“For years I have considered the revelation of
God as self-giving love as the greatest legacy we as
church can hand on to our children and their children.
Said another way, if we but kept this wonderful truth
alive among us by our actions we should not be troubled
if all our other treasures were to be lost. Obviously
I would be deeply disappointed with our leadership if
they did not share such priorities -- if they cared more
about material treasure, for example, than the spiritual
foundation that makes all our ambitions on earth worthwhile
for eternity. Voice of the Faithful as a movement can
help them to keep their sights on the things that shall
‘Deus Caritas Est’ is very welcome, a constructive
voice for us today, though it is about 25 years overdue….
The letter I would like to have seen would keep the
firm grounding in the God of Jewish and Christian revelation
that this letter proudly possesses. It would also display
the following three qualities.
First, we learn to embrace and hand on the self-giving
love of God by our own life of sharing in community and
our own self-giving. In other words, love is lived more
than it is studied and defined. That is the lesson of
chapter 15 of John's Gospel. And that has been the lesson
in particular of our modern-day martyrs, many of whom
had to suffer at the hands of fellow Catholics in positions
Second, such self-giving has been the object of much
serious philosophical study by thinkers in many countries
and religious persuasions. We Catholics can quote their
work with pride, assuring ourselves at the same time
that we have no monopoly on this wonderful revelation.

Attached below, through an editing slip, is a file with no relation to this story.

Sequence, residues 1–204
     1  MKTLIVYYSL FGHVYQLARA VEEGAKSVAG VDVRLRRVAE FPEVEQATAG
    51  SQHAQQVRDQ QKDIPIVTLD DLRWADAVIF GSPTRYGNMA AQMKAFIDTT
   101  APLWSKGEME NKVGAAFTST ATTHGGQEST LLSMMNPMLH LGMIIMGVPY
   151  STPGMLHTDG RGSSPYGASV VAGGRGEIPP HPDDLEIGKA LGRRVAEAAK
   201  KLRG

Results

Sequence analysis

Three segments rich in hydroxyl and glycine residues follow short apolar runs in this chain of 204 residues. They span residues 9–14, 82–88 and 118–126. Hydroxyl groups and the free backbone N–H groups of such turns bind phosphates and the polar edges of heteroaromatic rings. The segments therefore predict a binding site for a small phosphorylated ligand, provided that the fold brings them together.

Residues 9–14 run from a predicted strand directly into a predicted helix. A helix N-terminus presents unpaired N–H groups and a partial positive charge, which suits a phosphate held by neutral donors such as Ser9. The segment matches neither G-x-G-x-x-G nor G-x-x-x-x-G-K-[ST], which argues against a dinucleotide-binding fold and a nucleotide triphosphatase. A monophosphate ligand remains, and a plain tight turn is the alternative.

Thirdly and finally, the self-giving to which we are
called is the source of the Church's indestructibility.
We often allude to our humblest members as the treasures
we possess, and then press on to the earthen monuments
that bear our names and yet will not endure. We do not
reach the fullness of life to which God has called us
by knowing what God's love is, but by putting it into
practice in imitation of God. To quote the prophet, the
truth by which we are to live will be found not in our
letters and books and basilicas but in our hearts.” Paul
Schlachter, VOTF Miami, FL
“ The new president of Notre Dame University, John Jenkins,
says that Thomas Aquinas' greatest intellectual influences,
aside from Scripture and Church Fathers, were Aristotle,
Avicenna, and Maimonides--a pagan, a Muslim, and
a Jew. Jenkins says that part of Aquinas' strength was
a willingness to learn from any source he could.
And us?” John Chuchman
“The next St. Francis is VOTF. Our Lord told Francis
to ‘rebuild my church,’ just like the
Holy Spirit has inspired many in VOTF to do. And it will!
Stay the path, my dear friends, and keep the HOPE. I pray for you (us)
daily.” Bill Freeman